The goal of this homework assignment is to set up and solve a Transportation Model problem in MS Excel using the Solver Add-in. MS Excel provides users with the Solver Add-in, giving them super powers to solve linear, integer, and nonlinear optimization problems. Attached is the instructions for this as

MSIS 301 Homework #5 Dr. Rice

The goal of this homework assignment is to set up and solve a Transportation Model problem in MS

Excel using the Solver Add-in. MS Excel provides users with the Solver Add-in, giving them super powers

to solve linear, integer, and nonlinear optimization problems.

The Transportation model is a special case of Linear Programming (LP). The key to solving LP on a

spreadsheet is to:

? Set up a worksheet that tracks everything of interest (e.g., costs, distance, capacity, demand)

? Identify decision variables?that is, cells that will change in solving the LP

? Identify the objective function?the target cell that will be maximized, minimized, or set to

? Identify the constraints

? Use the MS Excel Solver Add-in to solve the problem

? The optimal solution to our problem?that is, optimal values for decision variables?will be

placed on the spreadsheet

The information of interest for this problem is in Figure 1 and the MS Excel spreadsheet set-up should

be similar to Figure 2. The spreadsheet has 4 parts; (1) data table on the top, (2) decision variables

(changing cells) highlighted yellow, (3) objective function (cost), and (4) capacity/demand constraints on

the bottom. Next, we?ll use solver to find the optimal (cost minimizing) changing cells that meet the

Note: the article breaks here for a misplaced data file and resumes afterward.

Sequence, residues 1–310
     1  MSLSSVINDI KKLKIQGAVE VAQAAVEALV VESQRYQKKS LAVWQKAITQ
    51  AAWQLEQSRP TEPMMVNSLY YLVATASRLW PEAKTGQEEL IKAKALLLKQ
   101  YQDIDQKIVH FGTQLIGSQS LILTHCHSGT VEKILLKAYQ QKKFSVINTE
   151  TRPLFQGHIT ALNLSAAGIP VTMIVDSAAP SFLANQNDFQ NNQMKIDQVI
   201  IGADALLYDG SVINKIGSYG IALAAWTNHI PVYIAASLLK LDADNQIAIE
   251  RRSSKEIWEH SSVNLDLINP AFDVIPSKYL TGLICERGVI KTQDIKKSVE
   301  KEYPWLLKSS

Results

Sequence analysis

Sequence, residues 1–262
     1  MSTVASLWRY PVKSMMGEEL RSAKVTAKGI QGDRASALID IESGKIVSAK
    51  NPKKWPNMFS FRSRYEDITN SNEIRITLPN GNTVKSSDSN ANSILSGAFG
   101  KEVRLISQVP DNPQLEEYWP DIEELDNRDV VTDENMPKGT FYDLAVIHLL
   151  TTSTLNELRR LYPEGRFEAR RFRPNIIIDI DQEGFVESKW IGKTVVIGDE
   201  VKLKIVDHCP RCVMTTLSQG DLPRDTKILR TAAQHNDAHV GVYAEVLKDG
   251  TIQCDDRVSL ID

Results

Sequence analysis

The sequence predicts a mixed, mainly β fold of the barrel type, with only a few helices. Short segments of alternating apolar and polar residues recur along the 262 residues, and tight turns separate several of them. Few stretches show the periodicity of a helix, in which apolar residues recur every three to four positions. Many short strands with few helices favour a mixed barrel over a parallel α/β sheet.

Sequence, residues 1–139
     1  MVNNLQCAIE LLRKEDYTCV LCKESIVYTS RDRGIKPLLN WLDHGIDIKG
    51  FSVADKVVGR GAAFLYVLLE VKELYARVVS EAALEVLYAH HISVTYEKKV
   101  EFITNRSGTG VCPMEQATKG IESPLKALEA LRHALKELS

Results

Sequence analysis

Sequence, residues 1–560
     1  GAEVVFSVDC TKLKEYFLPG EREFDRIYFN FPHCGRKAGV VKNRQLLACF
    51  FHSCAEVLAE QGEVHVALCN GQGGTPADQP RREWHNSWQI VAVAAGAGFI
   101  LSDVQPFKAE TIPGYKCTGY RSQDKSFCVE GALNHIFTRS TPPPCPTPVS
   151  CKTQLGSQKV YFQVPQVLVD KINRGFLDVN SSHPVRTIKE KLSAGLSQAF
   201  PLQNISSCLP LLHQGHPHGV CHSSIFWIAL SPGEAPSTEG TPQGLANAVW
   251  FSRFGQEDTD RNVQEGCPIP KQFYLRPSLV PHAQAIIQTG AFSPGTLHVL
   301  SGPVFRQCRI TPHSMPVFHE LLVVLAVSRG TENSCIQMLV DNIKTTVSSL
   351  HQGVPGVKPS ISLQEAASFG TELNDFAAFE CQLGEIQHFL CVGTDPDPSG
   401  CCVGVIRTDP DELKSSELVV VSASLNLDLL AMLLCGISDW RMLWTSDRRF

constraints. Set up the problem and find the optimal solution user Solver and fill in the highlighted cells.

Additional information about the Transportation Model and this problem is on the next couple of pages.

A B C Factory Capacity

DM 5 4 3 100

E 8 4 3 300

FL 9 7 5 300

300 200 200

A B C Factory Capacity

DM 100

E 300

FL 300

300 200 200

Cost 0

Constraints

Capacity

DM 0 <= 100

E 0 <= 300

FL 0 <= 300

Demand

A 0 >= 300

B 0 >= 200

C 0 >= 200

Figure 1 – Problem Information

Figure 2- Excel Spreadsheet Setup

lfAANING

OBJf~TlVfS

LOC.1

LOC.2

LOC.3

LOC.4

Theproblemfacingrentalcompanieslike

Avis,Hertz,andNationaliscross-country

travel.LotsofIt.CarsrentedinNewYork

endupinChicago,carsfromL.A.cometo

Philadelphia, andcarsfromBostoncome-to

Miami.Thesceneisrepeatedinover100 .

citiesaroundtheU.S. As a result,thereare

toomanycarsinsomecitiesandtoofew in

others.Operationsmanagershavetodecide

howmanyoftheserentalsshouldbe truGked

(bycostlyautocarriers)fromeachcitywith

excesscapacitytoeachcity thatneedsmore

rentals.Theprocessrequiresquickactionfor

themosteconomicalrouting,so rentalcar

companiestumto transportationmodeling.

Transportation modeling

Aniterativeprocedureforsolving

problemsthatInvolvesminimizing

the costofshippingproductsfrom

a seriesofsourcesto a seriesof

destinations.

730

Develop an initial solution to a transportation model with the northwest-corner and intuitive

lowest-cost methods 732

Solve a problem with the stepping-stone method 734

BaJance a transportation problem 737

Deal with a problem that has degeneracy 737

Transportation Modeling

Because location of a new factory, warehouse, or distribution center is a strategic issue wirz